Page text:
Meet “truthful hyperbole”

Is it lying or is it just colorful “hyperbole”?

A couple of days ago

Letitia James filed a 220-page lawsuit in New York State Supreme Court accusing Donald Trump and three of his children of using wildly inaccurate evaluations of Trump Tower, Mar-a-Lago and multiple other properties to defraud lenders and cheat on taxes. The result, she said, was a “staggering” and “astounding” scheme that yielded an estimated $250 million in ill-gotten gains.

James termed these financial manipulations “the art of the steal,” a play on the title of Trump’s 1987 bestselling memoir The Art of the Deal. In that book, Trump (or, more likely, his co-author, journalist Tony Schwartz) called his aggressive salesmanship “truthful hyperbole,” which was explained as “an innocent form of exaggeration — and a very effective form of promotion.”

Stop right there. There is no such thing as “truthful hyperbole.” It may sound cute, if you’re not paying attention, but it’s a contradiction in terms, and is itself dishonest.

And when it comes to marketing there is definitely no such thing as “an innocent form of exaggeration.” We know it’s not “innocent” because it’s done to trick people into giving you more money. You don’t get to call that “innocent.”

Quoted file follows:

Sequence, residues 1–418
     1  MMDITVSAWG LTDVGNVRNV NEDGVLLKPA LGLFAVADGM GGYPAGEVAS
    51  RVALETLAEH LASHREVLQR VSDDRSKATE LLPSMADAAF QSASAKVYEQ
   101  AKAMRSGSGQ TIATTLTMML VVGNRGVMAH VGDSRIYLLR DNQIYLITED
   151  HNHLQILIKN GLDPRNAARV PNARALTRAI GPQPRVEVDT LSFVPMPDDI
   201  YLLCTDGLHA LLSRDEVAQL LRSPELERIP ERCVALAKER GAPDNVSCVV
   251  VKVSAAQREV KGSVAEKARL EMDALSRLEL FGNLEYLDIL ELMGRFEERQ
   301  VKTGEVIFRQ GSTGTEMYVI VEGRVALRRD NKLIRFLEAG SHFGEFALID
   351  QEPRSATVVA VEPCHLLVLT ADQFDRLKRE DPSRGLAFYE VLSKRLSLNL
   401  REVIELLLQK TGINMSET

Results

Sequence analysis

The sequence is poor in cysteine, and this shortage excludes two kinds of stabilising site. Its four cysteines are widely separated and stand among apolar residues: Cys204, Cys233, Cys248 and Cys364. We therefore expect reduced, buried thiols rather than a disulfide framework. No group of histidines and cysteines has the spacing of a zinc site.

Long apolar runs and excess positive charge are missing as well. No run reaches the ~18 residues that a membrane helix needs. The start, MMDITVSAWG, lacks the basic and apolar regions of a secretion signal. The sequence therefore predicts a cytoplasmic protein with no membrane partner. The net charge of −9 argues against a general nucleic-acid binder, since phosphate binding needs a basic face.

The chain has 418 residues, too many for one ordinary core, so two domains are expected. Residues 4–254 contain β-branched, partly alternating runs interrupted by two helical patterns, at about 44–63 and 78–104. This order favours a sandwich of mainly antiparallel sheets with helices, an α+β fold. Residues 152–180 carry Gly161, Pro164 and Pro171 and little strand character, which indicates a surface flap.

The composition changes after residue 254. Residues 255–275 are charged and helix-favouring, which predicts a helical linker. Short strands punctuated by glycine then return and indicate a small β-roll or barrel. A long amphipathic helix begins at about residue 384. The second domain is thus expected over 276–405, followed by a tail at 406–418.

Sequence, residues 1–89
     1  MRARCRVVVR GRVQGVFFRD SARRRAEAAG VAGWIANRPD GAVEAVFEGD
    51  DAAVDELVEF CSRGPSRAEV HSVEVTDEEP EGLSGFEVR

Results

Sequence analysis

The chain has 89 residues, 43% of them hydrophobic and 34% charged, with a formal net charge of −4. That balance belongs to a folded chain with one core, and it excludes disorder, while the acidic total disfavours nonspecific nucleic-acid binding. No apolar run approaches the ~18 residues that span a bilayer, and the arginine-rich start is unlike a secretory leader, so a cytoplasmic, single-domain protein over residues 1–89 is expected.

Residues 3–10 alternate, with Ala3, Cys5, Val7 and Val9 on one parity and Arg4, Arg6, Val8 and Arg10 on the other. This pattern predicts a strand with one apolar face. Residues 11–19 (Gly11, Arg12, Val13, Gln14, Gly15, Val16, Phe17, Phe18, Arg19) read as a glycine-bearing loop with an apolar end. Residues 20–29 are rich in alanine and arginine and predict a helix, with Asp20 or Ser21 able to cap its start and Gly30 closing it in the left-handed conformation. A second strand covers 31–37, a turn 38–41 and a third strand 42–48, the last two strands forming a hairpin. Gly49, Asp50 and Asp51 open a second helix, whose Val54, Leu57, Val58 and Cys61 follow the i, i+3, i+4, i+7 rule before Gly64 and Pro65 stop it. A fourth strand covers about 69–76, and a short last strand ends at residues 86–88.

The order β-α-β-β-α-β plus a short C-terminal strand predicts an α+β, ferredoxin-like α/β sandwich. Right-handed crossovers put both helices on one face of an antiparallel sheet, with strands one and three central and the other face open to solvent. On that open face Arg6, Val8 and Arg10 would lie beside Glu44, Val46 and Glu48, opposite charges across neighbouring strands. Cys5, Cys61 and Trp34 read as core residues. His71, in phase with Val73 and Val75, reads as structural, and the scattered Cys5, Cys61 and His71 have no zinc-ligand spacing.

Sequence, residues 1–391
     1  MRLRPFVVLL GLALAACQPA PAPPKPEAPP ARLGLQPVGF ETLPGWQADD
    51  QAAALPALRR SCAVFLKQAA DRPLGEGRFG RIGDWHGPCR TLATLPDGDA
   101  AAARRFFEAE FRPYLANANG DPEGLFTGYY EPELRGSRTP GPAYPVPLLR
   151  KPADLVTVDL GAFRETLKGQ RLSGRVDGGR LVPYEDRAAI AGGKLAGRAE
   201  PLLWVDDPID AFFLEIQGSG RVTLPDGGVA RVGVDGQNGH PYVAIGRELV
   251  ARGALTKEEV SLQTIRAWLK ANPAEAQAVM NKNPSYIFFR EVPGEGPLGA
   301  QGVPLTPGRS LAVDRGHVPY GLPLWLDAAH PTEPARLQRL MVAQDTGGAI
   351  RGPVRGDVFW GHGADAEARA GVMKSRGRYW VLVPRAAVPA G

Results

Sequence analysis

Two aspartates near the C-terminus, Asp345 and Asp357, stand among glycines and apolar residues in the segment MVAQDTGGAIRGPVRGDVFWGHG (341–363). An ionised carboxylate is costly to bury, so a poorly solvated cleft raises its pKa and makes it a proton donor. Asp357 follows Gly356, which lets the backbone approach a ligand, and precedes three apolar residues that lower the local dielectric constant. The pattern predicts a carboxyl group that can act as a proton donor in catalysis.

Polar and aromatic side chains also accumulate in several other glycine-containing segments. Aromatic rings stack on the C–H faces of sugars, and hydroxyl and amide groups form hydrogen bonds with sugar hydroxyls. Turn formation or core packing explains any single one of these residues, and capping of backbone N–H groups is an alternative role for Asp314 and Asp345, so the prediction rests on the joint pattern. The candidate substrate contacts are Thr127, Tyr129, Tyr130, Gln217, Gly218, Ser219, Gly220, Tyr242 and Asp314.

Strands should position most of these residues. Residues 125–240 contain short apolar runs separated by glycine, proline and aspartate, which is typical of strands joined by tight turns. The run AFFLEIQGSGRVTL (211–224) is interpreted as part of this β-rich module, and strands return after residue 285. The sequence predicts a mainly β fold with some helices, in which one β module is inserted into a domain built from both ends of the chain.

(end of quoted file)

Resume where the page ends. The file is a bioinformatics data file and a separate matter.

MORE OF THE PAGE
That of course is all the more true when we’re talking about Trump, who is the least “innocent” person most of us have ever seen.

The reason, Trump (or Schwartz) said, was that “people want to believe that something is the biggest and the greatest and the most spectacular,” and Trump was more than willing to oblige them.

That is, he was eager to “oblige them” by telling them his product was the biggest and the greatest and the most spectacular so that they would give him more money than it was worth. That’s not obliging them, it’s tricking them into giving him money.

It’s maddening that Trump basically informed the world that he was tricking people into paying him more for his properties than they were worth and the world just chuckled and left him to get on with it.

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